Welsh Ambulance Service gets £4.4m new computer
Funding for a new computer for the Welsh Ambulance Service, aimed at further improving response times, has been agreed by the health secretary.
The £4.48m investment will replace the existing system.
It aims to help ensure faster dispatches to life-threatening calls, as well as coordinating big events and major incidents.
Vaughan Gething said it was about providing a service that was "fit for the future".
He added: "The current technology which helps to allocate ambulances to the right call is getting slightly dated and is actually a hindrance for getting those response times for people that need it and in particular coordination between different emergency services."
The technology will also help monitor performance and capacity management across NHS Wales.
Richard Lee, director of operations for the Welsh Ambulance Service, said it would provide an easier system to track and dispatch ambulances.
He said the current technology, brought in during the early 2000s, was "at the end of its life".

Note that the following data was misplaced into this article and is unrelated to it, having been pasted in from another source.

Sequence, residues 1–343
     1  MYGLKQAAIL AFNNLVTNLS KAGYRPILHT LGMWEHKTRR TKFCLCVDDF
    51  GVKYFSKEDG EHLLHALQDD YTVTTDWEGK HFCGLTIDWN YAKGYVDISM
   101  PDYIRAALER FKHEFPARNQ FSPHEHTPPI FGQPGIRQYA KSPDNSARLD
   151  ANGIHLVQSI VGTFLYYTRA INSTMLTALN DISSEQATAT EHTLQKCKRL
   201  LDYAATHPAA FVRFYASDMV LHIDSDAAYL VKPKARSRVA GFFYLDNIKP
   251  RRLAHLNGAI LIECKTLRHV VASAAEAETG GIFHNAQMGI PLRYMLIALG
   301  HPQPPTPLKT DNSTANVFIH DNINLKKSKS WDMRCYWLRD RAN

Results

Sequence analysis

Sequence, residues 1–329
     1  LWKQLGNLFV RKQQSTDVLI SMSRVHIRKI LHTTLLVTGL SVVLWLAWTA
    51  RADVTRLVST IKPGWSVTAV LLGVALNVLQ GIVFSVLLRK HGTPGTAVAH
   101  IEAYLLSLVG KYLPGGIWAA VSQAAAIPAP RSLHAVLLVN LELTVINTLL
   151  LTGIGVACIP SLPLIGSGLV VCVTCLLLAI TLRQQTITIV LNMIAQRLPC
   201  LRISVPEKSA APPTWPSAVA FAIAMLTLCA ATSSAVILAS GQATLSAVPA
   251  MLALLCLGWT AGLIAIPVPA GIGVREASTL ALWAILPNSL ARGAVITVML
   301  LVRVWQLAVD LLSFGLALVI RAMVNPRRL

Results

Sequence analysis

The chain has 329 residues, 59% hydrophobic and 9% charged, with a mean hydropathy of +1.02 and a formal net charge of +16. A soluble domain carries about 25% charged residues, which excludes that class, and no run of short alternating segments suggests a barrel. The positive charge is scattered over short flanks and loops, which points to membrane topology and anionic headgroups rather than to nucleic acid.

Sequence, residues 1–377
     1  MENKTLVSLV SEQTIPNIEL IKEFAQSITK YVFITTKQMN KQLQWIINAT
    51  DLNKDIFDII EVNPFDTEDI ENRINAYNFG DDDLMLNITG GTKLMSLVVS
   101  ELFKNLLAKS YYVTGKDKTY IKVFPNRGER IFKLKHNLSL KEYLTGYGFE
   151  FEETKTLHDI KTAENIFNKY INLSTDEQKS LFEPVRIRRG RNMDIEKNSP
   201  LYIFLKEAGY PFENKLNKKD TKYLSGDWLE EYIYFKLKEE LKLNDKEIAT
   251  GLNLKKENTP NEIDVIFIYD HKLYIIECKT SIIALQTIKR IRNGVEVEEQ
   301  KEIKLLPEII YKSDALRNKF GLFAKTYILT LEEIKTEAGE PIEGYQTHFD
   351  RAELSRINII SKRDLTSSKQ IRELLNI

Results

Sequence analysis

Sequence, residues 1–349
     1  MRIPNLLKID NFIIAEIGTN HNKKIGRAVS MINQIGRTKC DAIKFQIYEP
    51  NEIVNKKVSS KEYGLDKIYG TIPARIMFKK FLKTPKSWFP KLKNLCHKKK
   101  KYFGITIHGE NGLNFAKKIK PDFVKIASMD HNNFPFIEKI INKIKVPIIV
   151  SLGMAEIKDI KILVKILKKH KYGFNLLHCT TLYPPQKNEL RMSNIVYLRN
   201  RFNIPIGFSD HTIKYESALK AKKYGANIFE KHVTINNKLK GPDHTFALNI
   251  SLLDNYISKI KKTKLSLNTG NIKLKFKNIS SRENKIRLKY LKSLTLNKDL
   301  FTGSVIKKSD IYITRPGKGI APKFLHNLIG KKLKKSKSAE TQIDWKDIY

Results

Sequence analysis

"We're maintaining it and it's safe but it's time to move to a 21st Century computer-aided dispatch," he said.
It will be rolled out at the three control centres in Torfaen, Carmarthenshire and Conwy by the end of 2017.
Mr Lee added: "Our staff currently have to juggle three different systems but this will bring it all together.
"For our most seriously ill patients, it will have a feature called auto-allocate which will automatically dispatch the nearest vehicle as soon as we know the patient's life is in danger and that will shave a few seconds off each red response."
The latest performance figures, out at the end of November, showed 77.1% of responses to red calls arrived within eight minutes. The target is 65%.
Response time targets were scrapped last year for all except the most serious, immediately life-threatening calls.